But the episodes that consist entirely of filler, while dragging the story out, were a lot of fun, sometimes more fun than the central plot. The Christmas episode was fun mainly for the "legendary" novelty value, but the three episodes with the Monk were pure fun…mainly because of Peter Butterworth's wonderful comic acting. One wishes for more, another whole story of the Monk's inept attepts at revenge. (Carry On Timelord?)

Moving on to one of the serial's good points, he came in for a lot of ribbing, but I want to talk a bit about Kevin Stoney's Mavic Chen. True, he was a white man in very heavy "oriental" make-up, but Stoney created a character you just couldn't take your eyes off of. Chen's master manipulation and eventual disintegration ("You can't kill me, I'm immortal!") is compelling…far more compelling, ultimately, than the Daleks and their Time Destructor. It's not easy for someone to steal the show from the Pepperpot Menace, but Mavic Chen did it ably. Which made his final fate even more effective.

And then there's Sara. Jean Marsh does a fine job of playing the "fill-in companion," although she has a rocky start. I know the team had some issues with her going from stone cold killer to caring companion--though Marsh (and the writers) are smart enough to keep at least a bit of a prickly edge to her character. I think the best testament I can make to how much Sara came to mean to this story and the team is shown by our reaction to her death in the last episode discussion.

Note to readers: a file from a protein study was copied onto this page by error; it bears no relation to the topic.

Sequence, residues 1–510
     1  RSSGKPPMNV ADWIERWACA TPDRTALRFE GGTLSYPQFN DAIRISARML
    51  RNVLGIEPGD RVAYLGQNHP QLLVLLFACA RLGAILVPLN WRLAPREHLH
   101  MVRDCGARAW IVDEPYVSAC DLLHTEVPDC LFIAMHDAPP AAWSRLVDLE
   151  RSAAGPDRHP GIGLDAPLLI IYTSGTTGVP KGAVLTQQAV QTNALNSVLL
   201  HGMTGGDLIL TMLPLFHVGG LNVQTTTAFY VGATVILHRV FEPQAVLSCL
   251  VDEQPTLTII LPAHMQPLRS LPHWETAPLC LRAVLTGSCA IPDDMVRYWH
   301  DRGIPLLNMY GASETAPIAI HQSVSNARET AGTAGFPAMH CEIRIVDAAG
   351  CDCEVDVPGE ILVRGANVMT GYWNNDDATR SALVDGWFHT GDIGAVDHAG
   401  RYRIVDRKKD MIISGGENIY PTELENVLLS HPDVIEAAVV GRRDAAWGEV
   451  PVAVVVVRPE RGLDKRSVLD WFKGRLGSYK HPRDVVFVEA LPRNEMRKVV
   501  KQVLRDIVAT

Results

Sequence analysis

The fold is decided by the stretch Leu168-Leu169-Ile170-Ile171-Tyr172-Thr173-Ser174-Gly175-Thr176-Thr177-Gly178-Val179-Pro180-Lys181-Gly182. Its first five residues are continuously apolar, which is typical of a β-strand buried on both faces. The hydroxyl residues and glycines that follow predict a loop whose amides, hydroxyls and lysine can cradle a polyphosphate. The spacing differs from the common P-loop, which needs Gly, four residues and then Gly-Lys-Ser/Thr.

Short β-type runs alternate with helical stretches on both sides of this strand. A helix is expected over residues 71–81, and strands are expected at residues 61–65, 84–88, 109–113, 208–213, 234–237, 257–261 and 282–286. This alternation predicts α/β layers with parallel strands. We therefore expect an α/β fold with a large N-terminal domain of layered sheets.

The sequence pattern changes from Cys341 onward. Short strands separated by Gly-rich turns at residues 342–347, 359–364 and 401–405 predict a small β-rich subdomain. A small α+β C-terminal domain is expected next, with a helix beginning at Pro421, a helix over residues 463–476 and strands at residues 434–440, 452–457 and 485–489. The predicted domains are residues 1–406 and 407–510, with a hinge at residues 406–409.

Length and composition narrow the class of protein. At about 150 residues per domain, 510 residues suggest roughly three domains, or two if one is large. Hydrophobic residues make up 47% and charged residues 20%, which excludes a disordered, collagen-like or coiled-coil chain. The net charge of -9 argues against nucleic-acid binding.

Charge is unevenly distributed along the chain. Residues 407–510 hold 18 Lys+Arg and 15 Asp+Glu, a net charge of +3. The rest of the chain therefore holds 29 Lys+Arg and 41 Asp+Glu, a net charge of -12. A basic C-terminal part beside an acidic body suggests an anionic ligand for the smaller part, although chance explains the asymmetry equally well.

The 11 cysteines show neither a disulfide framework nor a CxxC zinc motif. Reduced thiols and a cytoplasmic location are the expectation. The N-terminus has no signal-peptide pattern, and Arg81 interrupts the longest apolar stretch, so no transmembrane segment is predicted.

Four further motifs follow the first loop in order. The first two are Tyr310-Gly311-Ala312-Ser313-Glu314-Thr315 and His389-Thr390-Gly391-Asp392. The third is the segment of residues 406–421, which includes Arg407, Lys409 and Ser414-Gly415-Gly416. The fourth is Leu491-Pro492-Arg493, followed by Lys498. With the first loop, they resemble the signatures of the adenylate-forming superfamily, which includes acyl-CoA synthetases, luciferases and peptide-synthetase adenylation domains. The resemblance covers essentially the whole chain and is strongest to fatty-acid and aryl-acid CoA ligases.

Katarina…poor Katarina. Poor Adrienne Hill. In some ways, she was as much a casualty of the change in producers (Verity Lambert to John Wiles) as the vacuum of space. Wiles and Donald Tosh realized, quite rightly, that she didn't work as a character out of her element. Sure, it's always good to have a "what's that Doctor" character, but she took that to an extreme that the show couldn't handle at this point. Thankfully, a later production/writing team would find the balance necessary for "historical" companions.